Here at College House when the EQ hit, it was in between lunch sittings so the staff and a small number of students were sitting in the Dining Hall. 

The noise was horrendous and the violence was frightening. After coming out from underneath the Dining Hall tables, we made our way into the quad and joined the other students. There was of course the second big shake and we all watched the chapel in fear of what might happen.

The students were the first priority and our tutors gave out blankets, herded everyone into the safety of the Common Room and we fed them lunch, afternoon tea and a BBQ dinner despite no power or water. Our students were superb, really calm and really supportive and helpful.
Meanwhile, all staff who had young families, and who needed to get home, had done so straight away. Some of our colleagues were stuck in traffic for 3-4 hours travelling across town, a distance that would normally take about 20 mins. Others ended up walking all the way home, and along the way seeing sights that will be etched in their minds forever.
In the days afterwards, the College was able to offer the engineering firm Tonkin & Taylor, temporary office space in the Study Centre so they could continue their work for EQC, most urgently a city wide map of the Liquefaction, due for Parliament, it felt good to be able to be able to help.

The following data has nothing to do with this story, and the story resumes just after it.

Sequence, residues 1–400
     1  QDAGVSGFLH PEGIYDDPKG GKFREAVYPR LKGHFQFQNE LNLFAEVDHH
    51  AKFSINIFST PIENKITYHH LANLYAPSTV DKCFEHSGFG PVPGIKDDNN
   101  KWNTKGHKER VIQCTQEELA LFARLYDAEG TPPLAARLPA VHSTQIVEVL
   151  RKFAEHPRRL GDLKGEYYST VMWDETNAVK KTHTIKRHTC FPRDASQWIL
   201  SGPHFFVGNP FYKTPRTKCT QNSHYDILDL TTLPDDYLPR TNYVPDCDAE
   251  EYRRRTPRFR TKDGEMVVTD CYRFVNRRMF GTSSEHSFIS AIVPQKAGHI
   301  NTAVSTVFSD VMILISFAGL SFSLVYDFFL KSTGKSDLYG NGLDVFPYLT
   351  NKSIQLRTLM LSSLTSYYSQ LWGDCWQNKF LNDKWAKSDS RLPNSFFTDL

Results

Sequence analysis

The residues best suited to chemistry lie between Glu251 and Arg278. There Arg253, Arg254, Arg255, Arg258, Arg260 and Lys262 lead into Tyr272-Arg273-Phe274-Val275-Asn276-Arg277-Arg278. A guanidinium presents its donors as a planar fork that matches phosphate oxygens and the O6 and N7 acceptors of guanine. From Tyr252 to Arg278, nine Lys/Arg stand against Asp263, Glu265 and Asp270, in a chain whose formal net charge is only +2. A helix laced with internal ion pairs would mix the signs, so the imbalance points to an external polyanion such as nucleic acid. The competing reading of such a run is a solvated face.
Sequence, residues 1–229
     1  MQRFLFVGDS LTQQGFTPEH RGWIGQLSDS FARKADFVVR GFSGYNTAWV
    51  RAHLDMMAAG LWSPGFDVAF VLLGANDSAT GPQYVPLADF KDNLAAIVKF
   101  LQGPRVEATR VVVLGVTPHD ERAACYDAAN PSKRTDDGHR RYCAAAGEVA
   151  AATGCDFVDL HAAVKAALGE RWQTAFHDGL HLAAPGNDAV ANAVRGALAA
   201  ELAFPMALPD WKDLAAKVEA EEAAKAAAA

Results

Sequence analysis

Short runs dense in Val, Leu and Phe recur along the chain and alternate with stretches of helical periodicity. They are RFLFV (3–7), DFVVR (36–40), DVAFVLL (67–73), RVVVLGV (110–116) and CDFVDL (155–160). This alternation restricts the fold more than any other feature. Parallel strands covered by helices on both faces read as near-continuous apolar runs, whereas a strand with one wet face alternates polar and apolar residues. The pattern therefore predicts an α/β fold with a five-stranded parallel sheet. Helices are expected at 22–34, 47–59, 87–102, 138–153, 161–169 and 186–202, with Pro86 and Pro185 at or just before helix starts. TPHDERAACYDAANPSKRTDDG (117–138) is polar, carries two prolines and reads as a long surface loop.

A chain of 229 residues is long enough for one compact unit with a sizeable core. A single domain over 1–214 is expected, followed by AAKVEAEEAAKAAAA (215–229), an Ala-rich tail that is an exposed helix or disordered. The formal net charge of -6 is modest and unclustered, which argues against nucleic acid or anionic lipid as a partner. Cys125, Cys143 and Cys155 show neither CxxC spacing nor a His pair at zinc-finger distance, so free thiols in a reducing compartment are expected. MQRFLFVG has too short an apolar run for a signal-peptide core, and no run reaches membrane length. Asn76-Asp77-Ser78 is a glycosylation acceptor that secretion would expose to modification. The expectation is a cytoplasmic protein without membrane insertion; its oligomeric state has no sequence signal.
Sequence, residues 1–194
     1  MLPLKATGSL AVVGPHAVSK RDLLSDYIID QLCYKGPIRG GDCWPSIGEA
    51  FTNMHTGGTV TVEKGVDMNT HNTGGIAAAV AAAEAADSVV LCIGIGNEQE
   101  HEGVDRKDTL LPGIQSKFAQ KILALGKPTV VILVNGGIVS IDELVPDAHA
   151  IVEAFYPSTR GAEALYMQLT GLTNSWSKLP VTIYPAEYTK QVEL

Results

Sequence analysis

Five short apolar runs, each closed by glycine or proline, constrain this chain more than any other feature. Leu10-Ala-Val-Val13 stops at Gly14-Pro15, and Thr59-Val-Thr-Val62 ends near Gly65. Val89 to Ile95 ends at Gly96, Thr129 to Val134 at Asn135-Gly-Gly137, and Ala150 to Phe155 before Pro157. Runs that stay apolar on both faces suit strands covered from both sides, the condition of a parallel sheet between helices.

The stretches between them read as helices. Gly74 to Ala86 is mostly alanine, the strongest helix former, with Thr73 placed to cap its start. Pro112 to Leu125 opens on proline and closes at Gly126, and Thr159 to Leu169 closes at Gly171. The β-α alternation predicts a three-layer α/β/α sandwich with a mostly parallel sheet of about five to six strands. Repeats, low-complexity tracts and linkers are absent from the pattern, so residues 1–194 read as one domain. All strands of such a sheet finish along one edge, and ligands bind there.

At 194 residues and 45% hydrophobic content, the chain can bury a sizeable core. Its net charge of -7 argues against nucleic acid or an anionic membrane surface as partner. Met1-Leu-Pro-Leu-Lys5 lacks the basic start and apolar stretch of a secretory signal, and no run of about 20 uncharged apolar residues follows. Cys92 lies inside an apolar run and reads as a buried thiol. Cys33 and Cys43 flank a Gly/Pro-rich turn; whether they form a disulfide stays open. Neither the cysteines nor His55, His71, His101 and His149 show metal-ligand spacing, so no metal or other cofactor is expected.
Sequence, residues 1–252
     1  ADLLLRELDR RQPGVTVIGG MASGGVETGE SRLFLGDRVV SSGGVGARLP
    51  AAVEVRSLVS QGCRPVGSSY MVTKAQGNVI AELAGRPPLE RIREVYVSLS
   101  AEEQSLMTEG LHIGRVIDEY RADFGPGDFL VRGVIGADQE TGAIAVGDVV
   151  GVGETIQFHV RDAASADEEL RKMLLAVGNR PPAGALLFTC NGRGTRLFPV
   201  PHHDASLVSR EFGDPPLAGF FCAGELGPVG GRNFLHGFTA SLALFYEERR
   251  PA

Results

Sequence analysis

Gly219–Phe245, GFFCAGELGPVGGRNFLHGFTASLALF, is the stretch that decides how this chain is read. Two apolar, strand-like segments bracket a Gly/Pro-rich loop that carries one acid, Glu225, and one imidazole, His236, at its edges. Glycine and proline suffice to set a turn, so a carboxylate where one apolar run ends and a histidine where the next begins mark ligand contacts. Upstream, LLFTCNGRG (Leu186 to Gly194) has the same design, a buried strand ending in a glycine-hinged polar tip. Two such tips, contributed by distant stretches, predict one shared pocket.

And our student alumni out in the flats were helping by the bucket load. Literally!! Shovelling, digging and just blimen helping, out there in the suburbs.
We are so proud when we learn of our alumni who helped organise and lead the student volunteer movement, and who are the graduate students working to rescue and re-build the city.
We hope our alumni are all safe and to those of you with friends, family and colleagues here in Christchurch, our thoughts and prayers are with you.

EQ listening

The House listening to radio reports from the city.

Liz tidying library

2011 Tutor Liz tidying up the College House Library.

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